The farmer sees it as a sign to build a baseball diamond. As the story goes, long before Costner’s movie, the same thing sort of happened to Bernice Shiner Gera, a former resident of Erath. She didn’t have the vision thing, but she definitely heard voices pertaining to baseball.
Bernice was born on June 15, 1931; she graduated from Erath High School in 1949. She always loved the game of baseball, and as a housewife many years later, Bernice heard a voice in her head tell her to follow her dream. As a way of staying close to baseball, she wanted to become a professional umpire.
Bernice talked it over with Steve, her husband, and he agreed with her to go for it. And so in 1967, Bernice Shiner Gera enrolled in an umpire school in Florida.
It wasn’t easy getting into the tight-knit, male dominated club; Gera faced gender discrimination.
Phil Piton, the president of the National Association of Professional Baseball Leagues (minor leagues) at the time, felt that the 5-foot-2, 130-pounder did not measure up to the physical requirements. Gera slapped him and the association with a civil rights lawsuit, and a difficult six-year court battle ensued. Finally, she won when New York’s highest tribunal, the Court of Appeals upheld her contention that physical standards for umpires were unjustified and discriminatory to women.
Bernice Shiner Gera, the 40-year-old housewife officiated her first professional baseball game on June 24, 1972, at Geneva , New York . It was the season opener between the Geneva Rangers and the Auburn Phillies, two minor league ball teams of the New York-Penn League. The game was delayed due to the heavy rains that inundated many parts of New York . The Evening Gazette said Mother Nature did what some baseball officials could not—prevent Bernice Gera from making her baseball debut. The rains forced postponement until that night, when it was played as part of a doubleheader.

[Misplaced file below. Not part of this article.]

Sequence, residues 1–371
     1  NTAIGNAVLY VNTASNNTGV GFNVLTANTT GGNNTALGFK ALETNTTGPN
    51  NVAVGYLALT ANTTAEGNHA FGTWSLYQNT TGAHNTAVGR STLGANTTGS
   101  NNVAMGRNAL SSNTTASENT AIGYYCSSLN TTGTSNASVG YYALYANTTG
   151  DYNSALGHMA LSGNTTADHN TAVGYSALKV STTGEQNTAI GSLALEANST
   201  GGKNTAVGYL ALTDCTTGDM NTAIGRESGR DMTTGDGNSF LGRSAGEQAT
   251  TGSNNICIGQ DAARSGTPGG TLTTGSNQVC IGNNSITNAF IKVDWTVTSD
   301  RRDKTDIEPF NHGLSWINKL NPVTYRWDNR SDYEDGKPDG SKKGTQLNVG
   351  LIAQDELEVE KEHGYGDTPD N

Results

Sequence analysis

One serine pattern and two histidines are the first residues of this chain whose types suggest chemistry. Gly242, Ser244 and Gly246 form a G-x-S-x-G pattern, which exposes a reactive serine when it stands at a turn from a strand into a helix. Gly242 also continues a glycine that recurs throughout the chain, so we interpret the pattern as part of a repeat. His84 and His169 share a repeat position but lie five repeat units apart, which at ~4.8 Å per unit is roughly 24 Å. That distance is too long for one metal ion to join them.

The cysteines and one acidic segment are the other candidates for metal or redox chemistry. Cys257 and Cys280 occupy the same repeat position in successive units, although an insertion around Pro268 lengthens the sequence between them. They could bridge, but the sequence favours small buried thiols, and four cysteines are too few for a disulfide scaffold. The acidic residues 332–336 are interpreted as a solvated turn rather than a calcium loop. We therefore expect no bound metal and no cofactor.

According to the Oneonta Star of New York , Gera’s debut wasn’t without controversy. There were three questionable calls in the game, one play in particular during the fourth inning. According to news reports, Gera initially ruled an Auburn base-runner safe on a play and then reversed her call. Nolan Campbell, manager of the Auburn club challenged her decision. He even went as far as to say Gera’s first mistake was donning the blue suit and her second was blowing the call. Campbell was immediately ejected from the game.
Gera was disappointed with the other umpires who refused to cooperate with her on the field. It was at that moment, between games of the double-header that Gera decided to retire after her first minor league game. Although Gera stopped umpiring, she stayed in the game. She went to work for the New York Mets in the team’s community relations and promotions until she and Steve retired to Florida . Bernice Gera died of kidney cancer in 1992, at the age of 61. She still has family living in Vermilion Parish.
When asked about officiating baseball, Bernice Shiner Gera would often say she could beat them in the courts, but not on the field. To date, no woman has ever umpired in the major leagues .